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Are emotions given by biology or are they learned? Are they the same everywhere, or culturally variable? Research on the emotions tends to be polarized between neo-Darwinian and culturalist perspectives. In this volume, biological and cultural anthropologists attempt to transcend the traditional oppositions, proposing various strategies for integrating biological and cultural approaches to the study of emotion. Discussing a variety of fascinating ethnographic examples, topics range from the effects of music to the relationships between emotion and respiration. The editor's introduction lucidly reviews the state of the field.
|Publisher:||Cambridge University Press|
|Series:||Publications of the Society for Psychological Anthropology Series , #10|
|Edition description:||New Edition|
|Product dimensions:||5.98(w) x 8.98(h) x 0.79(d)|
Table of Contents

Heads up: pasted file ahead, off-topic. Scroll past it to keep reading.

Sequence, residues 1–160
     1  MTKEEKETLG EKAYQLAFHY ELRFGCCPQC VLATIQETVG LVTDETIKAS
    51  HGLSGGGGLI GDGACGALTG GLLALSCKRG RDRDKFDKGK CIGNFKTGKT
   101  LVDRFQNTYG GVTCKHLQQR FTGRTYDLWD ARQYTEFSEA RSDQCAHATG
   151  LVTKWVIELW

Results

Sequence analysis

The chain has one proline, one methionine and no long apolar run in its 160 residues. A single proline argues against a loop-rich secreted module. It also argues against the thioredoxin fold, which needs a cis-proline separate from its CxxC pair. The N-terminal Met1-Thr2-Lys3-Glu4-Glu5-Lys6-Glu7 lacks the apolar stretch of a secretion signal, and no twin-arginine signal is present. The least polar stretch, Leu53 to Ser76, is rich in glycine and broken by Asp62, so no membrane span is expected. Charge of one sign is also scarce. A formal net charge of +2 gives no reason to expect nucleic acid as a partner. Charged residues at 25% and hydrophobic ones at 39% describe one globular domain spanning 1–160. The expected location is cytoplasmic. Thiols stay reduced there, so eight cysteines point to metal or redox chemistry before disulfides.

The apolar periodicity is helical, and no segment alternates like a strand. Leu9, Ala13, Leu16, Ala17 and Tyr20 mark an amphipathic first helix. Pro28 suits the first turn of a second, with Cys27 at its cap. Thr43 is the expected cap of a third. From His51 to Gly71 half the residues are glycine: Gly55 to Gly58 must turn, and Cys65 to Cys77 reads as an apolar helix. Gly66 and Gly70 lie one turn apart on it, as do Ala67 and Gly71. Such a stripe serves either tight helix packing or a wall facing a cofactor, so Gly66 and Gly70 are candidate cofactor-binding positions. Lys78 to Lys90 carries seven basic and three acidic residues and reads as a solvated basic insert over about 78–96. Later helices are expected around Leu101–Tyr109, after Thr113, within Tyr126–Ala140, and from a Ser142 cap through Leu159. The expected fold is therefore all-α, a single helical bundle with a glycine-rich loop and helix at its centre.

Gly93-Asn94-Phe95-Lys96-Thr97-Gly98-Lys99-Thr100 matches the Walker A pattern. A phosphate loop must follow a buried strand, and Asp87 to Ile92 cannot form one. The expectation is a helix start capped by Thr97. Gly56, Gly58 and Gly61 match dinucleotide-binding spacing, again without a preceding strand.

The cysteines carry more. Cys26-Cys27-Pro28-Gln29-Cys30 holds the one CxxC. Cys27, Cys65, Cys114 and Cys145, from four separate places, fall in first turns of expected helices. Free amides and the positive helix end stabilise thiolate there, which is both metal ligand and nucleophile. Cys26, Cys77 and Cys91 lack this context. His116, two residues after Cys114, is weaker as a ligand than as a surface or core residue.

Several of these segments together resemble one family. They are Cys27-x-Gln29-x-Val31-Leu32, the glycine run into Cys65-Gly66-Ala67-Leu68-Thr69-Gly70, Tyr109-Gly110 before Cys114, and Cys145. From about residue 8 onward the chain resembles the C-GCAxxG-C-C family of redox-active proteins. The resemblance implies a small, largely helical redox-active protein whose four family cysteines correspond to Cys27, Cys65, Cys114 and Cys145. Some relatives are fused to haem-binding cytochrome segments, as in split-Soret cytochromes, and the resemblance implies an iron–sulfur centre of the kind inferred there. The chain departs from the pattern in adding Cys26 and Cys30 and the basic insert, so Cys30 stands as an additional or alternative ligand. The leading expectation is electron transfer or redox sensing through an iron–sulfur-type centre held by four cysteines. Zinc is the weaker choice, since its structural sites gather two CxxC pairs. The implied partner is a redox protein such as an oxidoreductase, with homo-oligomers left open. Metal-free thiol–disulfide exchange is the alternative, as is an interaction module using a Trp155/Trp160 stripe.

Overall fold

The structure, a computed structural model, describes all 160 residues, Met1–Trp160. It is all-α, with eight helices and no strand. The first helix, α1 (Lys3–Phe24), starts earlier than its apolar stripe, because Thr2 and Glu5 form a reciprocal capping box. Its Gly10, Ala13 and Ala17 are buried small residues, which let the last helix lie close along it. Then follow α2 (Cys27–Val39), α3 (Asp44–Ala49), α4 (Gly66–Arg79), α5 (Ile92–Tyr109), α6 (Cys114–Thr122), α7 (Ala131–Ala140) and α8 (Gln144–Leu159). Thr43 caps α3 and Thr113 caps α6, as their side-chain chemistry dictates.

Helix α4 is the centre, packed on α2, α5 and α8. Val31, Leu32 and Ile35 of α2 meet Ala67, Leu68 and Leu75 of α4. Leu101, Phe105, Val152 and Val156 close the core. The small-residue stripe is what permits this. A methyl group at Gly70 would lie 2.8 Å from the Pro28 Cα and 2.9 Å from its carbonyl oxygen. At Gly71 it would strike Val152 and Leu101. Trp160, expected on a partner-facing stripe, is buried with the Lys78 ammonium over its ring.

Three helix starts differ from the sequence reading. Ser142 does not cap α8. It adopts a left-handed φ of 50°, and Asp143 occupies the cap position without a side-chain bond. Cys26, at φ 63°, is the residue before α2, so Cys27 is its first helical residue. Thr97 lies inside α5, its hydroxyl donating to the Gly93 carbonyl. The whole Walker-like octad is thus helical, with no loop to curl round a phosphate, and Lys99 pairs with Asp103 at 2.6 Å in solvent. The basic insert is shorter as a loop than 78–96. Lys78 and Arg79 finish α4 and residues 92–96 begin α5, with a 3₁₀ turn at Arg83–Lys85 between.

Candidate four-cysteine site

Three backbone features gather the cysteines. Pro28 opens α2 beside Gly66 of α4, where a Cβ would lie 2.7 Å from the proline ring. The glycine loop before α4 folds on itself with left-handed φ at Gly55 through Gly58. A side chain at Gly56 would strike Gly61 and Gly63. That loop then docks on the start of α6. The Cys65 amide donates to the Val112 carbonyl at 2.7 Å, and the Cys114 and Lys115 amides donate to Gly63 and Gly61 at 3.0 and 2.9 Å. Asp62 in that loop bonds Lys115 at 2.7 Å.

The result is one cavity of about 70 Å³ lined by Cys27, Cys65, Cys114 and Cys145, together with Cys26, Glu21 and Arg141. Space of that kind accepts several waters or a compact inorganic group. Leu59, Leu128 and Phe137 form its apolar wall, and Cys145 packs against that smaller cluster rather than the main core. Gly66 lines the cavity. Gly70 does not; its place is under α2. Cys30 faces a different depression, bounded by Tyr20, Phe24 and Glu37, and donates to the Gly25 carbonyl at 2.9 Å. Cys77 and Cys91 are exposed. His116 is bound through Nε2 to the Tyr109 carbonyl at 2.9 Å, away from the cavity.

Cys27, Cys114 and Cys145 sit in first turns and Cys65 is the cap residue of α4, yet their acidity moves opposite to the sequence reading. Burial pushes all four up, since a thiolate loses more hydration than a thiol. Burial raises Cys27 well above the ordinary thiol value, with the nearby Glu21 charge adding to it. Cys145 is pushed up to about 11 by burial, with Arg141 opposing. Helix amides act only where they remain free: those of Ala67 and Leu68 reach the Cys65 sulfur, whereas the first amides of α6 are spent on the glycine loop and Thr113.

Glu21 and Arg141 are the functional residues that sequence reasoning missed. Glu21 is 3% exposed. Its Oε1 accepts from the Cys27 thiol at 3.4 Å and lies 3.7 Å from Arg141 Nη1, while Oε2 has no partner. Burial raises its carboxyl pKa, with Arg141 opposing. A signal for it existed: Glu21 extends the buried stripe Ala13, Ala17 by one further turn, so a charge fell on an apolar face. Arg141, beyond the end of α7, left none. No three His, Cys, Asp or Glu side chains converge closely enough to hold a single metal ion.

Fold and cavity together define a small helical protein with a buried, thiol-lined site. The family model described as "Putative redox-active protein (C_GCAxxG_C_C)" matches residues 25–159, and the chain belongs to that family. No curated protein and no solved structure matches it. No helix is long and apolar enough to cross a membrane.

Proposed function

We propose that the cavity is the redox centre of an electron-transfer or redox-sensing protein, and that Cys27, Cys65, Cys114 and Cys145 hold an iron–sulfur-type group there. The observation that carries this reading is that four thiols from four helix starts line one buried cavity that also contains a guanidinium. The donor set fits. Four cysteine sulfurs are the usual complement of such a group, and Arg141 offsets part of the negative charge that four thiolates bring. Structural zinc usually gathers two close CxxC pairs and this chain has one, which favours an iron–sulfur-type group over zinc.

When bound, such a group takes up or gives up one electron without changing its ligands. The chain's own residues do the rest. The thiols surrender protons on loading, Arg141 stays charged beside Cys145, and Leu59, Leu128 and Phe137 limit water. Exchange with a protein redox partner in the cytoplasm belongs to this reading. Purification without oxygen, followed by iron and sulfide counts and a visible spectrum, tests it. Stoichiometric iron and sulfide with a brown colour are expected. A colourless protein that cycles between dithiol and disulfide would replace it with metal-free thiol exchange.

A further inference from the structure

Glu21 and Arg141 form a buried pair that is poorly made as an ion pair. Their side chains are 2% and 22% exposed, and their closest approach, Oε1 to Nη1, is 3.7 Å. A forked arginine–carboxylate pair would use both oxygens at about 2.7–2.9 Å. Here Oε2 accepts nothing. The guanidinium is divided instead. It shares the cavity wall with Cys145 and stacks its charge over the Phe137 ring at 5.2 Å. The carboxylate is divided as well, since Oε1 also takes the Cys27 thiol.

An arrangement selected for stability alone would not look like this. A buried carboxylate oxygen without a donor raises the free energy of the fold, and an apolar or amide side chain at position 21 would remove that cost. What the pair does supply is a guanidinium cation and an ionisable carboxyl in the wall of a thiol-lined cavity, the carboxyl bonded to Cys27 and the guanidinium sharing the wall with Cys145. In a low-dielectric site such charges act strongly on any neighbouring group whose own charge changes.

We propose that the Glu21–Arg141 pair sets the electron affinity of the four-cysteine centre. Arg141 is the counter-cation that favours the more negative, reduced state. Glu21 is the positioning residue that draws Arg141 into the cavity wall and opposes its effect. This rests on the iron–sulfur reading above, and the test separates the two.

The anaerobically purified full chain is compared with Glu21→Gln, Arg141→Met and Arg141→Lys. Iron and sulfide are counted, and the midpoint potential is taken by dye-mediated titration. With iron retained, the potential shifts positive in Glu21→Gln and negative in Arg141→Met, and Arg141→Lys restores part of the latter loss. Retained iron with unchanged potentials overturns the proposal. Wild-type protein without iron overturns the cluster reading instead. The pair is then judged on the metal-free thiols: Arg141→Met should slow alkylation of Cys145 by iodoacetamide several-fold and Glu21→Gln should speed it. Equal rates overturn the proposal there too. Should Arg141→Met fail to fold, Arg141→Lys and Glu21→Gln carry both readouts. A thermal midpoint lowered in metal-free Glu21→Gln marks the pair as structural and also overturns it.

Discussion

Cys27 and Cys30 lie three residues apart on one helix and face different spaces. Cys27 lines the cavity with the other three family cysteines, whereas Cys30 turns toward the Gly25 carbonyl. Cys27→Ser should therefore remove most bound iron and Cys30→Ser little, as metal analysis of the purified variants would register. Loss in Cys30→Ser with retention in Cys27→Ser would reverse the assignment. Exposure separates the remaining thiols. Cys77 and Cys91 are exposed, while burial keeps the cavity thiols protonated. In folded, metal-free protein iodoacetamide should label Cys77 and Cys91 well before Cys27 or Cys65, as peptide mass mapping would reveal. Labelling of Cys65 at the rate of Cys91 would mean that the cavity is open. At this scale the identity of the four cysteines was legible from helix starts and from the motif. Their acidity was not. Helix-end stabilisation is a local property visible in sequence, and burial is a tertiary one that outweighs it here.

1. Introduction: developing a biocultural approach to the emotions Alexander Laban Hinton; Part I. Local Biology: 2. Emotions Carol M. Worthman; 3. Toward an understanding of the universality of second order emotions Daniel M. T. Fassler; 4. Steps to an evolutionary ecology of mind James Chisholm; Part II. Embodiment: 5. Music hath charms ... fragments toward constructionist biocultural theory D. T. Harper-Jones; 6. Emotion and embodiment Margot L. Lyon; Part III. Biocultural Synergy: 7. Affecting experience: toward a biocultural model of human emotions Keith McNeal; 8. Making symbols meaningful: a role of human emotions Este Armstrong; 9. Brain and emotion relations in culturally diverse populations Lee Blonder; Part. IV. Systems Theory: 10. Outline of a bioculturally-based 'processual' approach to the emotions Alexander Laban Hinton; 11. Emotion: a biogenetic structural approach Charles Laughlin and Jason Throop.